Notification of outages occurs through nearly all media outlets for a region, and there are electricians to help once you hit the demarcation point for your building or residence.

Network/Phone

The network or phone (telco) is an odd beast for a utility, depending on how it is accessed. It is not 100% ubiquitous, as not all services, speeds, feeds, etc. are deliverable to all households. The most basic of services exist, but not always the advanced services. That split can occur by region, city, or even street address. As such, what you desire to have may not exist in your area. Could it exist? Perhaps, but at what cost?

Notification of outages occurs via the same means by which the outages themselves occur. In essence, you may not know there is an outage until you try to use your network or phone. There are no conservation efforts going on that are noticeable except for the paperless possibility. Yet, to go paperless requires paper to pay your bills, so eventually something gets printed. This tends to put more cost on the consumer, not the telco.

Where is the demarcation for wireless? That becomes the big question. For wired, it is easy: it is a box on the side of the building or residence. However, for wireless, it is often within a network. How do we fix issues between our wireless devices and the demarcation, such as dead zones on highways, etc.?

The payment scheme for telco is not actually pay-per-use; it is pay-per-use per service chosen. Unlike electricity, there are multiple services, and there is an upcharge for each. Simple telco billing is not, nor is the use of its myriad services. In many ways, the complexity of purchasing directly impacts the complexity of use. Telco is dependent upon Electricity.

Cloud

In many ways, a cloud is just like a wireless network presented by a telco. In fact, telcos are what most clouds are modeled after. However, by our definition, a telco may not be a utility, as it is not easy to use, it is often confusing to set up, it has no means of conservation, and it has nothing leading directly up to most buildings or residences, due to the proliferation of wireless.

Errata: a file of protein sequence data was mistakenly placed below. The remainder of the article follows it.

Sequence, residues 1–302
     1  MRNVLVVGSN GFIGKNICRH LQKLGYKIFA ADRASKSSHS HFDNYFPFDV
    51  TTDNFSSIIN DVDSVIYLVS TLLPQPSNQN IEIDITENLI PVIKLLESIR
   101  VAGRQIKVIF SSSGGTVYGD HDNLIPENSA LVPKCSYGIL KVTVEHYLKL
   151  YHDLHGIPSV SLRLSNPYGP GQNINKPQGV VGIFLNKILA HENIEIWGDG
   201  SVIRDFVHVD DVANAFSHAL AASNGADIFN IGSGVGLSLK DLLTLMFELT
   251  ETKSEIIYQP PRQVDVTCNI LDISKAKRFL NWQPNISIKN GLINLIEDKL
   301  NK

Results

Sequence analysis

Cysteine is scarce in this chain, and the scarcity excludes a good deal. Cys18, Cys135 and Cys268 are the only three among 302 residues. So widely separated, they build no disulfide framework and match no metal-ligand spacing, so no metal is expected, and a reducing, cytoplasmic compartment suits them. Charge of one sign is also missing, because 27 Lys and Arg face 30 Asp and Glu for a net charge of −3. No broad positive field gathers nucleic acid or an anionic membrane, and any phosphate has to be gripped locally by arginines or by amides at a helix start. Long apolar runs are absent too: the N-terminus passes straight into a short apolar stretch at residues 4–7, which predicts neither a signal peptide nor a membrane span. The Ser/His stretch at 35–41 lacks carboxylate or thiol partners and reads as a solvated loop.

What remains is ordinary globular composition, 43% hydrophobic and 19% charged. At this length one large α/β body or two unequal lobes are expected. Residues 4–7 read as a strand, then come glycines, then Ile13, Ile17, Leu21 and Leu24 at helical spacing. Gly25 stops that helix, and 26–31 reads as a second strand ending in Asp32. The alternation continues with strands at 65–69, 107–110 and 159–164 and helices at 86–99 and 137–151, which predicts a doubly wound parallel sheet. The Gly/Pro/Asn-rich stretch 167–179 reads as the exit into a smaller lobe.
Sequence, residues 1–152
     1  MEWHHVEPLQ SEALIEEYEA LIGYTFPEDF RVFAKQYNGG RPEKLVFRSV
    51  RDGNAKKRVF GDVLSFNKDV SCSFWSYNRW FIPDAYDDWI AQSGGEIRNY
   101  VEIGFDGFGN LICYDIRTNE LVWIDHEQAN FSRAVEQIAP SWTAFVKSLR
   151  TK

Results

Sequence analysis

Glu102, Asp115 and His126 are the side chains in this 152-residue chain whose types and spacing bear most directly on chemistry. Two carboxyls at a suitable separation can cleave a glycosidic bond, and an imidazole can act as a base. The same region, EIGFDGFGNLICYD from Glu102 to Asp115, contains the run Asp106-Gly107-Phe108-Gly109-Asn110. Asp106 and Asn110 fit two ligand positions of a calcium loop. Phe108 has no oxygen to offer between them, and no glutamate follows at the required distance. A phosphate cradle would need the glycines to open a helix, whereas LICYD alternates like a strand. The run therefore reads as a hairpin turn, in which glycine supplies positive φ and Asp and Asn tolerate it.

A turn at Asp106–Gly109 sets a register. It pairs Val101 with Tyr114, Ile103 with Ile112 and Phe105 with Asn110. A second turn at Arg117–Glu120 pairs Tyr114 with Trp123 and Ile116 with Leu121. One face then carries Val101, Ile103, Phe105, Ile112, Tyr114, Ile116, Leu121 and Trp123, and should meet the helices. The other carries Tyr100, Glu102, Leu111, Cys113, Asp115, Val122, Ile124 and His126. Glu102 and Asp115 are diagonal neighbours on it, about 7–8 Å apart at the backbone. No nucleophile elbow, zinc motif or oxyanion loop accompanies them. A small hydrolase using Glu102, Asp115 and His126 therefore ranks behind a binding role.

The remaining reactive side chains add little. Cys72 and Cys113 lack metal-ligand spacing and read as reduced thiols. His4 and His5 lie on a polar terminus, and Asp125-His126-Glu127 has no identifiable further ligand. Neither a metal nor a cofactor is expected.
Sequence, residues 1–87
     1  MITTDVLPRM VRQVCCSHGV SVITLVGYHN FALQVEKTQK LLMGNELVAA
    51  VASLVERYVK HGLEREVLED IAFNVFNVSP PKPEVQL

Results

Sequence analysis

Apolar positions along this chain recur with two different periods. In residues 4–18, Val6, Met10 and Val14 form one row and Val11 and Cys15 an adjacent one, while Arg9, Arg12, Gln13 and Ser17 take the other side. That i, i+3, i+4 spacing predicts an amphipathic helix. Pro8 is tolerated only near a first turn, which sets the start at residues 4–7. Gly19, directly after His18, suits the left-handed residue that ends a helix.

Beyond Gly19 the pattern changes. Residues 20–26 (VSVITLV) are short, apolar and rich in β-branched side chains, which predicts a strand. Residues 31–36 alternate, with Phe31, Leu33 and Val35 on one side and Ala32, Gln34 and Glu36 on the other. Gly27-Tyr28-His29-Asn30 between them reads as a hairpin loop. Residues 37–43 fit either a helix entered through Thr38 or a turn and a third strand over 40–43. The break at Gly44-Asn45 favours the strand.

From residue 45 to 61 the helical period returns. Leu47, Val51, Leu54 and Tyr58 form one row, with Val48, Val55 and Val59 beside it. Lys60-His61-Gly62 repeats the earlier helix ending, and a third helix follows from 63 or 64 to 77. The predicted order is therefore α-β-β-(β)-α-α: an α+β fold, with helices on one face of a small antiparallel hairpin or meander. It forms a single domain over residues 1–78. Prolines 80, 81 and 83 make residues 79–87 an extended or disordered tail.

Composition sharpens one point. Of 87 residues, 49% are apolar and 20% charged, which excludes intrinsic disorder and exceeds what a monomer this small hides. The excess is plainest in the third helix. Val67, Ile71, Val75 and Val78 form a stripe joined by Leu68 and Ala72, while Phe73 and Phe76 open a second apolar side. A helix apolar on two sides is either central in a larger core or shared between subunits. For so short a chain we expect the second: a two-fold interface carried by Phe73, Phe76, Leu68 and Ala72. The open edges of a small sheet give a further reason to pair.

There is no conservation of vital resources going on within a cloud. Clouds are instead growing physical plant by leaps and bounds. The cloud services themselves do not offer advice or tune-ups unless you want to pay for those services as well.

In addition, clouds are not “set up and run.” Instead, you need to plan, install, configure, architect, and pretty much do exactly what you do for any data center before you enter a cloud. Clouds are also not ubiquitous. I cannot take a workload from another cloud and plug it in just like I can a lamp or a phone.

So, for clouds we have:

  • NOT ubiquitous
  • Pay for use plus many different add-ons and upcharges
  • Does NOT support up to the connection to the building (residence)
  • Is NOT simple to use (turn a knob, flip a switch, etc.)
  • Living with it is cumbersome at best
  • Help exists to fix any issues with the utility
  • Clouds do NOT offer tune-ups to improve conservation of the utility’s resources
  • Cloud outages are reported by utility via an easy-to-use method
  • Is NOT independent as Cloud is dependent upon Telco and Electricity

There are lots of NOTs in that list. Today, I would classify clouds as not yet utilities. Yet, for payment only, they act exactly like a utility such as a telco. Finding the proper fee to pay is becoming more difficult, and that is why there are new companies to help us get our heads around the cost of using a cloud: Cloud Cruiser, Akasia CloudView, and Gravitant are such services.

But as for being a utility, the cloud is not quite there yet. Most people can live without a cloud. With an IaaS cloud, things become cumbersome for some and easy for others. Clouds need to be as simple as turning on a light switch after choosing the appropriate lamp.

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Edward Haletky
Edward L. Haletky aka Texiwill is an analyst, author, architect, technologist, and out of the box thinker. As an analyst, Edward looks at all things IoT, Big Data, Cloud, Security, and DevOps. As an architect, Edward creates peer-reviewed reference architectures for hybrid cloud, cloud native applications, and many other aspects of the modern business. As an author he has written about virtualization and security. As a technologist, Edward creates code prototypes for parts of those architectures. Edward is solving today's problems in an implementable fashion.
Edward Haletky